An impressionistic scrapbook that draws from essays, conversations, photos, art, and more, to offer readers a glimpse into a disabled Asian American activist’s journey to finding and cultivating community and the continued fight for disability justice. From the formidable founder of the Disability Visibility Project and editor of Disability Visibility: First-Person Stories from the Twenty-First Century.

Disability Culture and Justice

Cover of the book Black Disability Politics by Sami Schalk which features the book title and author name in bold yellow text between two red horizontal bars against a black backround.

Black Disability Politics by Sami Schalk

Explores how issues of disability have been, and continue to be, central to Black activism from the 1970s to the present, drawing on archives from the Black Panther Party, the National Black Women's Health Project, and interviews with contemporary Black disabled cultural workers. From the author of Bodyminds Reimagined: (Dis)abiity, Race, and Gender in Black Women’s Speculative Fiction.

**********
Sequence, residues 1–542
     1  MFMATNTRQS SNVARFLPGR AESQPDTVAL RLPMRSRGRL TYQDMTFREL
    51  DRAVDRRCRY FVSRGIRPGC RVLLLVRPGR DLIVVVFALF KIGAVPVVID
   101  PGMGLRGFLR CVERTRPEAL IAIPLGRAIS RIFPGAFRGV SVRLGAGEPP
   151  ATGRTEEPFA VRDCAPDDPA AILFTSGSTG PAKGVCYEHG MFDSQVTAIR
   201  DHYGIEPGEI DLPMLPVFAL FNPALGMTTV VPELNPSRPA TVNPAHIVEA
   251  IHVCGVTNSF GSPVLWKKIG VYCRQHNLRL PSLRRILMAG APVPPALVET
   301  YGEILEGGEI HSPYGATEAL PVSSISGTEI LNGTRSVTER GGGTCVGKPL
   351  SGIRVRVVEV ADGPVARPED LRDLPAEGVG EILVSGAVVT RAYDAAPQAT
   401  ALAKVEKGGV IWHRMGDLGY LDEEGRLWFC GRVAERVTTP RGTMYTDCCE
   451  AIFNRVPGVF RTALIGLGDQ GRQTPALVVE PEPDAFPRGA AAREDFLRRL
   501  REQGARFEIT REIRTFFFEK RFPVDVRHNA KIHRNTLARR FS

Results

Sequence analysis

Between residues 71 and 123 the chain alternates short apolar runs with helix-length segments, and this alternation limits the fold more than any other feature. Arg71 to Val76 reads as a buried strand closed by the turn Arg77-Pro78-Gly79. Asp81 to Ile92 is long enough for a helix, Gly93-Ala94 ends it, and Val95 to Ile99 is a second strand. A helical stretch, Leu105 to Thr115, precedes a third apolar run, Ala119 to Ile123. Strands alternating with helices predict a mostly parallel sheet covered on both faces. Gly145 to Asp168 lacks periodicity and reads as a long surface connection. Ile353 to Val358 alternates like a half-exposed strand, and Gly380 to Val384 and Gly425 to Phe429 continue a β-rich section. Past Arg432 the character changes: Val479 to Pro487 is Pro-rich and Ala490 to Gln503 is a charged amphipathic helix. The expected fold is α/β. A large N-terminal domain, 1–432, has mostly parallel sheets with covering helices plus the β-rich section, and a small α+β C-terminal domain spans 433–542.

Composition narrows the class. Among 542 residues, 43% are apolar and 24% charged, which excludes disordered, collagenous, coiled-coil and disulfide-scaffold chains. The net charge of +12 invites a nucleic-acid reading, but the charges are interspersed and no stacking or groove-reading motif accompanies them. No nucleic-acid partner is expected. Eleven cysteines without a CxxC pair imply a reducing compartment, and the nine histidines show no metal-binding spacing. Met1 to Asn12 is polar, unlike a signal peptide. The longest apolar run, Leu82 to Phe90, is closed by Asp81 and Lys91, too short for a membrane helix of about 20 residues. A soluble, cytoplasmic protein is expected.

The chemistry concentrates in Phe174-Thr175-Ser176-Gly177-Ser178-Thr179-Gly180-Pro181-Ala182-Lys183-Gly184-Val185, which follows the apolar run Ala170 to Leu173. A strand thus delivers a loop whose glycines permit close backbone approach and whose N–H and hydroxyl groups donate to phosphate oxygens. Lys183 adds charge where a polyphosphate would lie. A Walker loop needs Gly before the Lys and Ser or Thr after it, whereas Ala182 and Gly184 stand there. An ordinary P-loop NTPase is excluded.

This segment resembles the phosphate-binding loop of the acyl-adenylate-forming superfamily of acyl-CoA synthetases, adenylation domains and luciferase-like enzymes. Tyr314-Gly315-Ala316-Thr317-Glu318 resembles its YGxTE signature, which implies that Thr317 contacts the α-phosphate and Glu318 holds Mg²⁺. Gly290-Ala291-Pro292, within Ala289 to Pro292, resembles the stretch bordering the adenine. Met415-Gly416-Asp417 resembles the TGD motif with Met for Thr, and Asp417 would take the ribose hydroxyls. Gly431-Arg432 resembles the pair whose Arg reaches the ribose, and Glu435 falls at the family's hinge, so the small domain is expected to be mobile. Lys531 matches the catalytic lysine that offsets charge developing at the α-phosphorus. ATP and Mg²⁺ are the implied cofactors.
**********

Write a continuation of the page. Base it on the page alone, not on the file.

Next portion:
Cover of the book Disability Injustice edited by Fritsch  Monaghan  and van der Meulen, which features a large square made up of tiny multicoloured squares in a random pattern.

Disability Injustice: Confronting Criminalization in Canada edited by Kelly Fritsch, Jeffrey Monaghan, and Emily van der Meulen

Ableism is embedded in Canadian criminal justice institutions, policies, and practices, making incarceration and institutionalization dangerous - even deadly - for disabled people. Disability Injustice brings together highly original work by a range of scholars and activists to explore disability in the historical and contemporary Canadian criminal justice system.